Smashing Pumpkins’ James Iha and Taylor Hanson in Tinted Windows, Mick Jagger and Damian Marley in SuperHeavy – the concept of the supergroup has thrown up some unlikely alliances over the last few years. But perhaps none more so than Atoms For Peace, the side-project of one of rock’s great miserablists, Thom Yorke, and a bassist perhaps just as renowned for the unusual way in which he sports a sock as his musicianship, Red Hot Chili Peppers’ Flea.
But also accompanied by Beck drummer Joey Waronker, Brazilian multi-instrumentalist Mauro Refosco and long-time Radiohead producer Nigel Godrich, their debut album, Amok proves that their random line-up isn’t the only intriguing thing about them.
Underpinned by an array of glitchy percussion, waspish synths and ghostly falsetto melodies, the majority of the album’s nine tracks repeat the pattern of the record Atoms For Peace performed in its entirety at their first ever live performance, Yorke’s hypnotic solo debut, The Eraser–particularly the aquatic effects of “Ingenue” and the cryptic musings of lead single “Judge, Jury and Executioner.”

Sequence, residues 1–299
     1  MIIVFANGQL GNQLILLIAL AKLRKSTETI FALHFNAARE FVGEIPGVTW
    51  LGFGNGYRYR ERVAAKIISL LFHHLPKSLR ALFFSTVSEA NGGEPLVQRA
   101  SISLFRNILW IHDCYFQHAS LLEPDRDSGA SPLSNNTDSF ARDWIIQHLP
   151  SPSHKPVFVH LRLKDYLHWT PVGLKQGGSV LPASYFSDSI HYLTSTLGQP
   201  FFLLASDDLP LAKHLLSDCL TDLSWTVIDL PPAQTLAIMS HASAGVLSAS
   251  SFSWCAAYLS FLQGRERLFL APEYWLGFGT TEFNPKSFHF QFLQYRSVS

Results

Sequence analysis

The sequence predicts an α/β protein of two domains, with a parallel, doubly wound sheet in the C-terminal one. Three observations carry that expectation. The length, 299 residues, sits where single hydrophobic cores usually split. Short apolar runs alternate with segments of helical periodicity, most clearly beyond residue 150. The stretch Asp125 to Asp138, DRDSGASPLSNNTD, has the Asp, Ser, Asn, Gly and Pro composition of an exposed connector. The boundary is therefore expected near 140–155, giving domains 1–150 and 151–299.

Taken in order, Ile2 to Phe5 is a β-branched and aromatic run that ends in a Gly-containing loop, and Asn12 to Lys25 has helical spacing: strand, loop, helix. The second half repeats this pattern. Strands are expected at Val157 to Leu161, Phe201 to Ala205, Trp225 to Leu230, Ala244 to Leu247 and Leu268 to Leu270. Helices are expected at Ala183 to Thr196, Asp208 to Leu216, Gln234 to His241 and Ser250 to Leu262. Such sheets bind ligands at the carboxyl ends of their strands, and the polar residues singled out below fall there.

But having recently shown off his maniacal dance skills in the video for Radiohead’s “Lotus Flower,” Yorke seems keen to continue his unexpected foray into club culture. “Unless” gradually adds Burial-esque nocturnal beats and pulsing synths to its initial monotonous drone; “Reverse Running” provides a two-step garage backdrop to his stream-of-consciousness ramble; and “Dropped” suggests Yorke has definitely been taking notes whilst working with experimental IDM Berlin duo Modeselektor.
Flea’s rumbling bass-lines alongside the rippling electronica of “Stuck Together Pieces” are one of the few times on Amok when he really makes his presence known. Indeed, it’s hard to shake the feeling that despite the talent on offer, Yorke found it difficult to relinquish much control during the recording process.
But it’s not exactly a negative that Amok is definitely much closer to The King Of Limbs than I’m With You, and whilst Chili Peppers fans may be puzzled by the record’s restless sketchy nature, it’s arguably the best thing Flea has put his name to this century.